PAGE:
Why Higher Education is Dead
The storm is coming and half of the higher education institutions in the United States will be dead in the next 15 years.
While it would be easy for me to pontificate about higher education and its failings, I’m not qualified other than I’m a father of a recent college graduate and have a second child who will be entering his second year in the fall. That is why I look to experts and watch trends in order to connect the dots, all while feeling anger toward the higher education “industry” who keep building structures and trying to out-compete each other for students.
My recent college grad in sociology is struggling to find a good job in human resources for a good company. She is now second-guessing the wisdom of investing in education in her field and is seriously wondering whether or not her sheepskin “was worth it.” I know several other twenty-somethings who feel exactly the same way (and two of them are living at home with their folks in order to save money and pay off student loans).
Though I’m not qualified as a higher ed industry expert, I don’t need a weatherman to tell me if the sun is shining outside (I can just look out a window). That said, it does take a much larger view and more data to be able to forecast coming storms in the next several days or week—which is what satellite imagery and sophisticated computer models perform and enable meteorologists to be fairly good at predicting what’s coming next.
The storm clouds are already overhead.
Three items about higher learning hit my radar last evening and this morning and to me, these are a few of the “higher education satellite imagery and data” which are pointing the way to the death of higher education:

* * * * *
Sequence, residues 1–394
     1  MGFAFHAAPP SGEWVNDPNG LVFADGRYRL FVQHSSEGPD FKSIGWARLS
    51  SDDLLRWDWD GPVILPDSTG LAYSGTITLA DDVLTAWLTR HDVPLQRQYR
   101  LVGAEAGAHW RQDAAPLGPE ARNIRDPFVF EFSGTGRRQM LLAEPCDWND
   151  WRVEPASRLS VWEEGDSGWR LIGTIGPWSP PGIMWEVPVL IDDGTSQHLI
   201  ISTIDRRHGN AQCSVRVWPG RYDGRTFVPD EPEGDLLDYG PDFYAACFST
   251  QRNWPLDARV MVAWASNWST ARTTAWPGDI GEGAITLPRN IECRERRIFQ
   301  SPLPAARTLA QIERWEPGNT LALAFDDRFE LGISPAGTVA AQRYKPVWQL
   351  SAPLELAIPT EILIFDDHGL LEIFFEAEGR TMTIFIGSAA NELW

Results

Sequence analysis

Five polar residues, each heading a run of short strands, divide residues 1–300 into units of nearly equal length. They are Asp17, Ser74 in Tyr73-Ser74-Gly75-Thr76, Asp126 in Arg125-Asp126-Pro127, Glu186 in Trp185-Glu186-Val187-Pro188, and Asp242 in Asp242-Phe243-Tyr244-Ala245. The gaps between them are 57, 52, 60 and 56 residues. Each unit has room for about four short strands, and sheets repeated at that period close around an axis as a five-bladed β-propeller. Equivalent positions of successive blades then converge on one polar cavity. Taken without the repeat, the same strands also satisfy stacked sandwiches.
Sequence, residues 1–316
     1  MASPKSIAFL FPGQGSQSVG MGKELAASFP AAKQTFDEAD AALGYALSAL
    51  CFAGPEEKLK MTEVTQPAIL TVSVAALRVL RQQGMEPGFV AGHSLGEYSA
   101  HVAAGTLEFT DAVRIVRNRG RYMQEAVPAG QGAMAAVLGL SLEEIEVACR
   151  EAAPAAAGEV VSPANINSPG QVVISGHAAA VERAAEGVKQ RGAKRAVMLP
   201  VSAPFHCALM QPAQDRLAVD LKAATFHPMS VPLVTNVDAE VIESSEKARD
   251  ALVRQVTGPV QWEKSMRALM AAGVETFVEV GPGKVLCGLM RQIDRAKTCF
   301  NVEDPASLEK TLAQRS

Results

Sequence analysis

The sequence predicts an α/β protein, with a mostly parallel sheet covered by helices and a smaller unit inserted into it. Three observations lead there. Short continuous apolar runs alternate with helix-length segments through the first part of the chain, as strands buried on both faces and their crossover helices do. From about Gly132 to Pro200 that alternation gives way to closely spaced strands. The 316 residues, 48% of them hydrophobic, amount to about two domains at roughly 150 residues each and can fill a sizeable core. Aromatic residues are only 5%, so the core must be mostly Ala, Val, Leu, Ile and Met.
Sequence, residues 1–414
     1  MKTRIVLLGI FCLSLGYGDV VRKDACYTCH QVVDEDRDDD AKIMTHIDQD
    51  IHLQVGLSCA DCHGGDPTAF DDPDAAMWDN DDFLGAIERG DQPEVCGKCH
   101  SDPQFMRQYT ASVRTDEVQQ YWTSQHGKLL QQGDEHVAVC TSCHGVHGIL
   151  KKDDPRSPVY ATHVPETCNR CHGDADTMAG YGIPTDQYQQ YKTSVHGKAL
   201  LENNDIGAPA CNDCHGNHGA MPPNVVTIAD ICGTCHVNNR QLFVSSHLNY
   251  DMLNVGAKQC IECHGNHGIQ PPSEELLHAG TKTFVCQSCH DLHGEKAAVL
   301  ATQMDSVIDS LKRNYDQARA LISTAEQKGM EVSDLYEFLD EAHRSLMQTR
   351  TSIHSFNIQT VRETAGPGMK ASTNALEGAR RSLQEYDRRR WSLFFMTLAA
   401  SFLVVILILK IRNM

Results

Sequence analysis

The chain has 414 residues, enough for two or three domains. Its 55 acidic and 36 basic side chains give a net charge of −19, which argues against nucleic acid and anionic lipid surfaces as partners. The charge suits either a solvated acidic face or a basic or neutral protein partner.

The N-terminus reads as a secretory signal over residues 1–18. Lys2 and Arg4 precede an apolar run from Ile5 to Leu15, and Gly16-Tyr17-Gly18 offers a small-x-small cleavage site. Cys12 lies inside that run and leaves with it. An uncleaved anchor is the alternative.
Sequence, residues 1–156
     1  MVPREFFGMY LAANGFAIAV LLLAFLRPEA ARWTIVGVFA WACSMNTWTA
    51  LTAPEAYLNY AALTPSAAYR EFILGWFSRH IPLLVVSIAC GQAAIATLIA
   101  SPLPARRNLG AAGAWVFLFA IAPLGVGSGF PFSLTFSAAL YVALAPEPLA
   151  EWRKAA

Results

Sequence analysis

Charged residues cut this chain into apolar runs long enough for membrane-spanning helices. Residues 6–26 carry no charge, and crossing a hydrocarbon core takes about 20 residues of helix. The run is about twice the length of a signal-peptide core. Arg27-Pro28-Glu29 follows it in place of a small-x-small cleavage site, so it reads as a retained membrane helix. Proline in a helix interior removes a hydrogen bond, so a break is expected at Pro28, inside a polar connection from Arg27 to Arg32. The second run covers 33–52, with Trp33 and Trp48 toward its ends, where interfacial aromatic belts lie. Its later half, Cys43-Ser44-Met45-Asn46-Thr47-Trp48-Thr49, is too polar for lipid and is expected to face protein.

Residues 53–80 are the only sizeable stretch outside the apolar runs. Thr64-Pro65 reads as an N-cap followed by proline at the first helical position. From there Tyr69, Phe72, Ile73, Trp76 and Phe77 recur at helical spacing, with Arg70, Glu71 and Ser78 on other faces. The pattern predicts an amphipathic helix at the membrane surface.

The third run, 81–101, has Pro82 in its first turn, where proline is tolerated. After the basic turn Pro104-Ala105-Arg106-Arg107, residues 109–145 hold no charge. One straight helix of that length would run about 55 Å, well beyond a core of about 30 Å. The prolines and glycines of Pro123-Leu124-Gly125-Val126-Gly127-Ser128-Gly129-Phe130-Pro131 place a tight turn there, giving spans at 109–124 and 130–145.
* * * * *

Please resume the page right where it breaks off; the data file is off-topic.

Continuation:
1) Fidelity investments report called, Cost-Conscious College Graduates: A Study of Recent College Graduates (PDF) which had these and other findings:
- 70% of the class of 2013 is graduating with debt, averaging $35,200
- 39% would have made different choices related to college planning had they understood the total cost of college
- 59% report they chose a specific major in hopes of securing a higher paying job
- One-half say paying off their student loan debt is the top financial goal
Look again at that last bullet. Half say paying off their student loan debt is their #1 financial goal? Holy shit…when I was 24 years old mine was buying a house and getting in to the stock market. Some of these kids will carry these loans for decades, especially when the interest rates kick in or they default…since student loan debt cannot be wiped away, even with a bankruptcy.
2) Watched a video with Harvard ‘B’ school professor Clayton Christensen last night (author of these books too). As he and VC Mark Suster were talking about the disruption of education (Christensen is famous for driving a reengineering of the ‘B’ school) Christensen said this about how online learning would inevitably decimate bricks-n-mortar higher learning institutions:
“Within the next 15 years, half the colleges and